THE STORY: Ben and Joanie, in their mid-thirties and married eight years, are an upwardly mobile "Yuppie" couple about to become parents for the first time. Ben (who is Jewish) works in television, Joanie (a quintessential WASP) is a would-be artist. As the play begins they are redecorating the dining room of their Manhattan apartment for use as a nursery, an activity which both underscores the impending changes in their lives and reinforces Ben's uneasiness about it. The scene is filled with funny lines as Ben tries to make light of his misgivings, but his fears lead inevitably to dispute and, by the end of Act One, Ben has departed and Joanie suddenly finds herself a single parent-to-be. In Act Two, which takes place several months later, a christening party is in progress attended by Joanie's parents, Charlotte and Gil, an affluent older couple who are not hesitant to point out that they never much cared for Ben in the first place. As for Ben, having avoided the formal christening, he now sneaks in through the nursery window determined (in a gesture towards his own religious background) to intone a few Jewish prayers over his newborn son—which, when the others suddenly return, leads both to a series of wildly funny misunderstandings, and also, in the end, a tenuous reconciliation and a commitment, by both Ben and Joanie, to try to grow up before their offspring does.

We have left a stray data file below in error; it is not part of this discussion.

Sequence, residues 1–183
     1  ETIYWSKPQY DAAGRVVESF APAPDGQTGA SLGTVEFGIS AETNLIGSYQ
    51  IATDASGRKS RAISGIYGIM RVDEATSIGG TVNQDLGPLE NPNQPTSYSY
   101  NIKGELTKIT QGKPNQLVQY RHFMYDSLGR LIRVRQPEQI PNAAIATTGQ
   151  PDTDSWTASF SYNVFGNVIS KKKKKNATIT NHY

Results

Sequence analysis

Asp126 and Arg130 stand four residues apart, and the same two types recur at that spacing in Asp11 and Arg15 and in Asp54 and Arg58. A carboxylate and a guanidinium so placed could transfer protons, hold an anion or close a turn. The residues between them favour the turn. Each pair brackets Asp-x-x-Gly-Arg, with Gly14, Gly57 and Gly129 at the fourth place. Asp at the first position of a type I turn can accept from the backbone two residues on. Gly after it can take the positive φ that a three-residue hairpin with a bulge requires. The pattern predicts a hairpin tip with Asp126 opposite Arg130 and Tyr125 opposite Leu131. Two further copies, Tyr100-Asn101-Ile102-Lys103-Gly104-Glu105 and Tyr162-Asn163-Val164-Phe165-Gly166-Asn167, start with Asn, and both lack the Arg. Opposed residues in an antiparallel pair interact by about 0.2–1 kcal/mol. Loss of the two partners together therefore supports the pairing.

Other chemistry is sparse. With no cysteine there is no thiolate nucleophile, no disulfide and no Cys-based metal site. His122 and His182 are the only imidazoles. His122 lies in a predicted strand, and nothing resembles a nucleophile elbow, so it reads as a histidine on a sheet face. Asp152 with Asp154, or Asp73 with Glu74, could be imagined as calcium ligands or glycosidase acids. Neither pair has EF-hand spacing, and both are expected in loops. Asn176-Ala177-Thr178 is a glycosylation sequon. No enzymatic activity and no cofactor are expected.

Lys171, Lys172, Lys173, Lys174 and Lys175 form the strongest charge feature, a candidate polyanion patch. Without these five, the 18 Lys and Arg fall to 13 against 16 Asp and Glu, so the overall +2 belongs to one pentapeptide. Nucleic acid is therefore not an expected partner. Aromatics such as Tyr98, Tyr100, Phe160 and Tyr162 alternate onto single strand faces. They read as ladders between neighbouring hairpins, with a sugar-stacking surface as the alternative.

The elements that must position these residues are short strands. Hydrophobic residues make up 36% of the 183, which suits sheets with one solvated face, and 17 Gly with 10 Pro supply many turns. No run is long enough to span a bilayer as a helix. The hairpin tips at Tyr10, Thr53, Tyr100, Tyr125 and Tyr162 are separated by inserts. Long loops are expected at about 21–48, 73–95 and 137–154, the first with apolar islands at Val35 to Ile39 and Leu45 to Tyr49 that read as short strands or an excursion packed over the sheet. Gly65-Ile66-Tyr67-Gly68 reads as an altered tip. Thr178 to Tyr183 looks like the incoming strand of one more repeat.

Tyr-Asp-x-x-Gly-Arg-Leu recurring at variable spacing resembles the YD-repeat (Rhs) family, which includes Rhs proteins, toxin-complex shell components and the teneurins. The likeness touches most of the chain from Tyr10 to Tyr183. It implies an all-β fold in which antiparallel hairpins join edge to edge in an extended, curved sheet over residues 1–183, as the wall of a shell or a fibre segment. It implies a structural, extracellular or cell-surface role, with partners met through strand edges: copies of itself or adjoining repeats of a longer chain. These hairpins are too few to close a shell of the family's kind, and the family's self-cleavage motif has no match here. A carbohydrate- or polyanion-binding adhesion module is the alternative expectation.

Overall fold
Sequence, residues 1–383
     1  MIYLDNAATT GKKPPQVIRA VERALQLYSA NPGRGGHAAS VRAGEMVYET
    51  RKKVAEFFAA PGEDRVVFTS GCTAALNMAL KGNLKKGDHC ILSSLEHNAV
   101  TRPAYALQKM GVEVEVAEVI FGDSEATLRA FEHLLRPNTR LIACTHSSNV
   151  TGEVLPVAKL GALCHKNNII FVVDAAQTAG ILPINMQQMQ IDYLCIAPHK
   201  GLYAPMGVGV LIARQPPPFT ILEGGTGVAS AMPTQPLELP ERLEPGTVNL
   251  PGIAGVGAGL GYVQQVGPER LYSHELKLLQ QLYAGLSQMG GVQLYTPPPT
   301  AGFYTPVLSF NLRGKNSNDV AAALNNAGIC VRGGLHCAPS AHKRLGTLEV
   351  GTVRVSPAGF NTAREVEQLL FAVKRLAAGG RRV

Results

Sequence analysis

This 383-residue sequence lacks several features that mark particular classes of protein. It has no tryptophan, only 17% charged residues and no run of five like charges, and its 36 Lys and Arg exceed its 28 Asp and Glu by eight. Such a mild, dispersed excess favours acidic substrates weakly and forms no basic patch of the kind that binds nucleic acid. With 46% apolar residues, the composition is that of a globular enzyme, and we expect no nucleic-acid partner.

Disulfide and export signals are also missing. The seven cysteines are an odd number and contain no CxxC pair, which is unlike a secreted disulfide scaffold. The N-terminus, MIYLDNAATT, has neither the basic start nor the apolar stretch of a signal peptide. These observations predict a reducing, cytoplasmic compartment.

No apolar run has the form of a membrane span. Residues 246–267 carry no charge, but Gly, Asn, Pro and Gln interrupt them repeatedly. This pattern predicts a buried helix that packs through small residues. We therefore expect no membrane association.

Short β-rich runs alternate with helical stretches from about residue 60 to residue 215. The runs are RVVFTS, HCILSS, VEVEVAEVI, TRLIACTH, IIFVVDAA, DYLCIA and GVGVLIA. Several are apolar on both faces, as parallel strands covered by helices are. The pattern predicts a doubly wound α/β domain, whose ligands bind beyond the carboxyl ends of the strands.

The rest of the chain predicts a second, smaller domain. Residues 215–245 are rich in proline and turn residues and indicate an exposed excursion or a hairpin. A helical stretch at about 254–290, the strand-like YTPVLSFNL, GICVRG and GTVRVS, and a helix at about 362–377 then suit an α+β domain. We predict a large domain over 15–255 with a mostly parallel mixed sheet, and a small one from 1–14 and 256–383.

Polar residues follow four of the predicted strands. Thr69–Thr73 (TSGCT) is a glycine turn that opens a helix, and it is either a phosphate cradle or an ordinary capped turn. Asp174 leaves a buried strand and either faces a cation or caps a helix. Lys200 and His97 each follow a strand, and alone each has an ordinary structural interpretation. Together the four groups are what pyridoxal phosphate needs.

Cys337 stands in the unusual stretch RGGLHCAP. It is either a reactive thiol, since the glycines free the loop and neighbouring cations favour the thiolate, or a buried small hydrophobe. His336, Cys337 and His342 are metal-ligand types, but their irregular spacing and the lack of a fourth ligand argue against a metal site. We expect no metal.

An hilarious and, at the same time, thoughtfully cautionary examination of the promises—and perils—of impending parenthood. Produced to critical and popular acclaim by New York's noted Playwrights Horizons. "…a total delight from beginning to end, as much fun as any Neil Simon comedy and yet even more inventive." —BackStage. "…it is civilized, literate, mind-stretching entertainment, its tomfoolery leavened by thoughtfulness and taste." —NY Magazine. "…there's a little something for nearly everyone in LITTLE FOOTSTEPS…" —NY Times. "…the kind of play that can restore your faith in the theatre. A hilariously serious comedy, it offers the kind of emotional shakeup—and the kinds of rewards—that can come only from a live stage experience." —Gannett Newspapers.